Royal Canadian Air Force (RCAF) squadrons from across Canada are participating in their annual National Search and Rescue Exercise, SAREX 2016, from September 18 to 24, 2016, in Yellowknife, Northwest Territories.
Involving nearly 200 participants, the training brings together the Canadian Armed Forces with civilian search and rescue communities, including the Civil Air Search and Rescue Association (CASARA), and other first responders to standardize and evaluate skills. This event follows on the heels of previous successful SAREX events in Gimli, Manitoba (2013), Goose Bay, Newfoundland (2014) and Comox, British Columbia (2015). “For the first time, the National SAREX will experience and overcome the challenges of Search and Rescue in the Northwest Territories, which will provide an exciting Search and Rescue environment. Together, we hope to exercise and showcase all of the important and unique skills of our professional and volunteer organizations,” said Colonel Patrick Thauberger, Commander, 14 Wing Greenwood.
Exercise aims include aerial and ground searches, medical responses, parachute accuracy, as well as land and marine rescues.
Search and rescue response in Canada involves several provincial and government departments, including Public Safety Canada, the Department of National Defence, Fisheries and Oceans Canada, and Transport Canada. A number of volunteer organizations such as CASARA and non-governmental organizations such as STARS (the Shock Trauma Air Rescue Society) regularly assist in search and rescue operations.
|14 Sep – Sergeant Chad Hildebrant surveys the land before Search and Rescue Technicians, Warrant Officer Norm Penny and Master Corporal Ashley Barker parachute out of a Twin Otter aircraft during the National Search and Rescue Exercise 2015 (SAREX15) held at Comox, British Columbia. (Photo: Sgt Halina Folfas, 19 Wing Imaging)|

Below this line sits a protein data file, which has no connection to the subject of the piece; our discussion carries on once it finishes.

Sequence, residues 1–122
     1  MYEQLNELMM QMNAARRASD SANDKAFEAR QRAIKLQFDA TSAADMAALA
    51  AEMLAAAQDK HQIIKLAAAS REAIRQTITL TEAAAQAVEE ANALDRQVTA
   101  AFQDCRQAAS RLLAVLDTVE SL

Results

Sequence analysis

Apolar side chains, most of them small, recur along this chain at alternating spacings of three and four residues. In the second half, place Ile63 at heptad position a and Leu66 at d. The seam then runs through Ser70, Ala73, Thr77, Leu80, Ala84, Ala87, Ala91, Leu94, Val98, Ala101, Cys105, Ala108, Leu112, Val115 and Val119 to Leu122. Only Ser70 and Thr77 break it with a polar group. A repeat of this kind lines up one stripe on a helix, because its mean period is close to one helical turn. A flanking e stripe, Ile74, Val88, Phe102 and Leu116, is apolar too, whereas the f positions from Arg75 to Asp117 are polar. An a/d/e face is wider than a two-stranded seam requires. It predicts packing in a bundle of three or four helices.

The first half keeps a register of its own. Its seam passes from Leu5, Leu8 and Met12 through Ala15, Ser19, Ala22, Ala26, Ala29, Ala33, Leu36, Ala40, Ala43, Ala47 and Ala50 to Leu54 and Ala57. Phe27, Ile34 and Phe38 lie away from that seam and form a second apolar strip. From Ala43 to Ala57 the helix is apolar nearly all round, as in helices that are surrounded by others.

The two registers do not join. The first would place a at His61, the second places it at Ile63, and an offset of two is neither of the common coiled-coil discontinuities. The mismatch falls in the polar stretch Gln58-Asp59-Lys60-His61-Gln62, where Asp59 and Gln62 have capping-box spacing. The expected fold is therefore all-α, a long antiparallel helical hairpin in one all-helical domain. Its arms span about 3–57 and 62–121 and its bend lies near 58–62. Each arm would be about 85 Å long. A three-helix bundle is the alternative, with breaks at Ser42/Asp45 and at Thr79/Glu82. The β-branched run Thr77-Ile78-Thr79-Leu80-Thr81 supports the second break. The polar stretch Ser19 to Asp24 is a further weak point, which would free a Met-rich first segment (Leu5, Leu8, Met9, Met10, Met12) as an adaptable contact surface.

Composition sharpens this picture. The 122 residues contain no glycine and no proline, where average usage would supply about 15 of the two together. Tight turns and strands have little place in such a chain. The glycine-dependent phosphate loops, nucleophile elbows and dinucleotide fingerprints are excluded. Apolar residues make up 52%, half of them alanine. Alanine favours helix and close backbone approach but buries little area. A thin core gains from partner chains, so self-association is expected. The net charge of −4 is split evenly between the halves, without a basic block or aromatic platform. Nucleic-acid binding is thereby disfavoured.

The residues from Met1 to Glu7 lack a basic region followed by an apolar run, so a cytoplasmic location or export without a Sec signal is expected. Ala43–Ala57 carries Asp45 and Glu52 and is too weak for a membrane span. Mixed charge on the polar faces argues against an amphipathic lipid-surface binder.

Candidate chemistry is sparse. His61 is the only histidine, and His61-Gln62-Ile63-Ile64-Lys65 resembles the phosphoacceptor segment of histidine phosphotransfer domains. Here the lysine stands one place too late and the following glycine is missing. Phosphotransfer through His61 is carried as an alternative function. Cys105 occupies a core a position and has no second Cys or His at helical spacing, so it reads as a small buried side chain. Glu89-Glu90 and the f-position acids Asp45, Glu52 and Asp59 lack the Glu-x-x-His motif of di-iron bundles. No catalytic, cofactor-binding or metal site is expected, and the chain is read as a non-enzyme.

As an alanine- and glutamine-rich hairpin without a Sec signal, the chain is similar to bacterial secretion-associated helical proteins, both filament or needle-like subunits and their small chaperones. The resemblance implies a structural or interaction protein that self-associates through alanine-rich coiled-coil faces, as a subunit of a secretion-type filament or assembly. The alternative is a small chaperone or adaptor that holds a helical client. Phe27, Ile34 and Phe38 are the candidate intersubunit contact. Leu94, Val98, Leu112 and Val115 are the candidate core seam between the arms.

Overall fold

CAF resources may also assist in ground search and rescue (GSAR) efforts, medical evacuations, and other humanitarian incidents if requested by the responsible provincial/territorial or municipal authority. The Canadian Rangers, Reserve Force members of the CAF, regularly aid in GSAR upon request in sparsely settled regions of the country.
Approximately one third of the RCAF’s 150 Search and Rescue Technicians are participating in the exercise. Others are on duty and maintaining a 24-hour standby at their respective squadrons around the country.
RCAF squadrons and organizations participating include:
103 Search and Rescue Squadron, 9 Wing Gander, Newfoundland;
413 Transport and Rescue Squadron,14 Wing Greenwood, Nova Scotia;
417 Combat Support Squadron, 4 Wing Cold Lake, Alberta;
424 Transport and Rescue Squadron, 8 Wing Trenton, Ontario;
435 Transport and Rescue Squadron,17 Wing Winnipeg, Manitoba;
439 Combat Support Squadron, 3 Wing Bagotville, Quebec;
440 Transport Squadron, Yellowknife, Northwest Territories;
442 Transport and Rescue Squadron,19 Wing Comox, British Columbia;
The Canadian Forces School of Search and Rescue, Comox; and
Representatives from the Joint Rescue Coordination Centers from Victoria,Trenton and Halifax.
A variety of RCAF aircraft will be utilized during the exercise, including:
The CH-149 Cormorant helicopter;
The CC-115 Buffalo;
The CH-146 Griffon helicopter;
The CC-130 Hercules; and
The CC-138 Twin Otter.
Other organizations participating formally in the exercise include the following:
Public Safety Canada;
Fisheries and Oceans Canada;
Environment and Climate Change Canada;
The Canadian Rangers;
The Royal Canadian Mounted Police;
The Civil Air Search and Rescue Association (CASARA);
The Shock Trauma Air Rescue Society (STARS); and
The Yellowknife Airport.